The Commission published the petitions submitted by the designated contract markets (DCMs) in the Federal Register for comment on June 17, 2004, and received eight comments in response. Based upon the petitions and the comments received, the Commission has reexamined the particular levels set for Federal speculative position limits. In this regard, the Commission has reviewed the existing levels for Federal speculative position limits and is now proposing to increase these limits for all single-month and all-months-combined positions. In particular, the Commission is proposing to increase levels for single-month and all-months-combined positions for CBT Corn, Oats, Soybeans, Wheat, Soybean Oil, and Soybean Meal; Start Printed Page 12622MGE Hard Red Spring Wheat; KCBT Hard Winter Wheat, and NYBOT Cotton No. 2. In addition, the spot month limits for all of these commodities would remain unchanged. Finally, the Commission is proposing to delete several obsolete provisions in part 150 that relate to contracts that are no longer listed for trading or to DCMs that no longer exist.[2] The Commission is requesting comment on these rule amendments.

B. Regulatory Framework

Speculative position limits have been a tool for the regulation of the U.S. futures markets since the adoption of the Commodity Exchange Act of 1936. Section 4a(a) of the Commodity Exchange Act (Act), 7 U.S.C. 6a(a), states that:

Excessive speculation in any commodity under contracts of sale of such commodity for future delivery made on or subject to the rules of contract markets or derivatives transaction execution facilities causing sudden or unreasonable fluctuations or unwarranted changes in the price of such commodity, is an undue and unnecessary burden on interstate commerce in such commodity.

Accordingly, section 4a(a) provides the Commission with the authority to:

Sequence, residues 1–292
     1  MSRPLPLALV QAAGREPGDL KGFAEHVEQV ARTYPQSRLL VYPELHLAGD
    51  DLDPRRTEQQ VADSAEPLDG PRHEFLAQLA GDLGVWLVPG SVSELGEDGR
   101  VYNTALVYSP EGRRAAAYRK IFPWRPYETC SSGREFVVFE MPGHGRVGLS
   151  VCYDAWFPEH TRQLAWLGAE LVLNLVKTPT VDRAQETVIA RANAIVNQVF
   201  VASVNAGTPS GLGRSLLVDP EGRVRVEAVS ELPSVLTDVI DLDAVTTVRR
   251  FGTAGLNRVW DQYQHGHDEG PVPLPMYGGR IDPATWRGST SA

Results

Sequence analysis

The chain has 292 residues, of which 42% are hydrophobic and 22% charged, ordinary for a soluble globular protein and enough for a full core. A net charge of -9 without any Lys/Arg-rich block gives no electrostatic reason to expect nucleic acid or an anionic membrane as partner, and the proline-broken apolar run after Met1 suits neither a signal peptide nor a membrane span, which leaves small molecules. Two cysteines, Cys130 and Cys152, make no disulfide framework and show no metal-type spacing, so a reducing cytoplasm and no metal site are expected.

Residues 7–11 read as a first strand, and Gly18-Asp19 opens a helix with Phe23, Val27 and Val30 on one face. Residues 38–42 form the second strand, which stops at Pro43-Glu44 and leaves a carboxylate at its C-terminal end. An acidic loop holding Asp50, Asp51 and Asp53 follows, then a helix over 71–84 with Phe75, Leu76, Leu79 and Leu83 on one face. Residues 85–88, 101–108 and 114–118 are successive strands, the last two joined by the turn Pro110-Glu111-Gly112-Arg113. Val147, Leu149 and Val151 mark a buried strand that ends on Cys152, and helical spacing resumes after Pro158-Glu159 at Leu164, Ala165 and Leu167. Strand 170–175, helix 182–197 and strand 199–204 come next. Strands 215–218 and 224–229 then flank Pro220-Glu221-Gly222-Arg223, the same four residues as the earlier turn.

Fix such limits on the amounts of trading which may be done or positions which may be held by any person under contracts of sale of such commodity for future delivery on or subject to the rules of any contract market or derivatives transaction execution facility as the Commission finds are necessary to diminish, eliminate, or prevent such burden.

This longstanding statutory framework providing for Federal speculative position limits was supplemented with the passage of the Futures Trading Act of 1982, which acknowledged the role of exchanges in setting their own speculative position limits. The 1982 legislation also provided, under section 4a(e) of the Act, that limits set by exchanges and approved by the Commission were subject to Commission enforcement.

Finally, the Commodity Futures Modernization Act of 2000 (CFMA) established designation criteria and core principles with which a DCM must comply to receive and maintain designation. Among these, Core Principle 5 in section 5(d) of the Act states:

Position Limitations or Accountability—To reduce the potential threat of market manipulation or congestion, especially during trading in the delivery month, the board of trade shall adopt position limitations or position accountability for speculators, where necessary and appropriate.